After the keynote the workshop organisers, including Swansea University's own Dr Gerrit Niezen, shortly explained what their workshops were about before everyone separated into the various venues in the BetaHaus building. Dr Niezen, a postdoctoral researcher from Swansea University's Computer Science department presented a workshop on Open Source Hardware (OSHW) and medical devices. This workshop explored the emerging business models, benefits and challenges in bringing open source hardware to the healthcare sector, as well as studying the human-computer interaction design aspects.
During the workshop there was excellent discussion raised within the group on existing hardware and key ideas about designing hardware in the medical sector. During a team activity to evaluate an existing medical device, one team wrote down problems and challenges with the device design on little cards, while the other team tried to predict the problems and create solutions on their cards. The challenge team then played each of the problem cards and the solution team tried to match a solution card.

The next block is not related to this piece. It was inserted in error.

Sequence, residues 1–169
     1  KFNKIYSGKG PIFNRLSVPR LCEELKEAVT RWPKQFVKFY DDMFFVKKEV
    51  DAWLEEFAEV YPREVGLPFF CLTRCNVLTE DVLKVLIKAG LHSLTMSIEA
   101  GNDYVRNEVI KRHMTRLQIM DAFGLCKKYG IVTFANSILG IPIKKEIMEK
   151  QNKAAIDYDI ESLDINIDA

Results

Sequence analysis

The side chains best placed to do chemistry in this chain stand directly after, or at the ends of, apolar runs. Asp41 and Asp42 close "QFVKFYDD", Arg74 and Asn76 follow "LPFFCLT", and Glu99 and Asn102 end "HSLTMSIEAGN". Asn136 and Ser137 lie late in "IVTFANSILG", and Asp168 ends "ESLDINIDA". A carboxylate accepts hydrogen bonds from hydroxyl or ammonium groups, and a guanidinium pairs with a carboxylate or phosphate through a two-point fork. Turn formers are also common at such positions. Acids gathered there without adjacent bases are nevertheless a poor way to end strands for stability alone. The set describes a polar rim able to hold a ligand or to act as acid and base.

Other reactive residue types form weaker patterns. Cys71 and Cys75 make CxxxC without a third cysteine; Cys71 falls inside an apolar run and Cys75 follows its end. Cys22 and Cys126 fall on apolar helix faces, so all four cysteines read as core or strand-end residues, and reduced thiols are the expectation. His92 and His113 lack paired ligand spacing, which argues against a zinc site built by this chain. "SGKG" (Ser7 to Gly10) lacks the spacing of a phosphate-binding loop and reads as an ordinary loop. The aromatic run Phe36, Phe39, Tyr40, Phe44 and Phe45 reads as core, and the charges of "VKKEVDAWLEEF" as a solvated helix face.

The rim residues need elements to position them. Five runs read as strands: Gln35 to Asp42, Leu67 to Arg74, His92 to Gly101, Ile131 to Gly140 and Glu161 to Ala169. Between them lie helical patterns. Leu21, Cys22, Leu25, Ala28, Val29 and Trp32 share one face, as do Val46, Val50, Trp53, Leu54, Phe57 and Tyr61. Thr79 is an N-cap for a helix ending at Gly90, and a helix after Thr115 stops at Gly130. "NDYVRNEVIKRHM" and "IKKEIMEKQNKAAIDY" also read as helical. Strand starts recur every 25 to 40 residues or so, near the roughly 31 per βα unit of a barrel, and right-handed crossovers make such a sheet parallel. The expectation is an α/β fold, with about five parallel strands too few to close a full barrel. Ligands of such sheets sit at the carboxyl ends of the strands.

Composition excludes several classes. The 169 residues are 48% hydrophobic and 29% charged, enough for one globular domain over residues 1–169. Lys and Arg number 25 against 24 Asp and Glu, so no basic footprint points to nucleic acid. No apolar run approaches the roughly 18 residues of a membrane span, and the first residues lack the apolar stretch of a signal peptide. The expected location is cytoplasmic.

This activity encouraged out-of-the-box thinking and looking at hardware from a human perspective. It was also every inspiring to see how this type of hardware is moving to open source: More people can get involved making safer and more user-friendly medical hardware, improving the future of healthcare.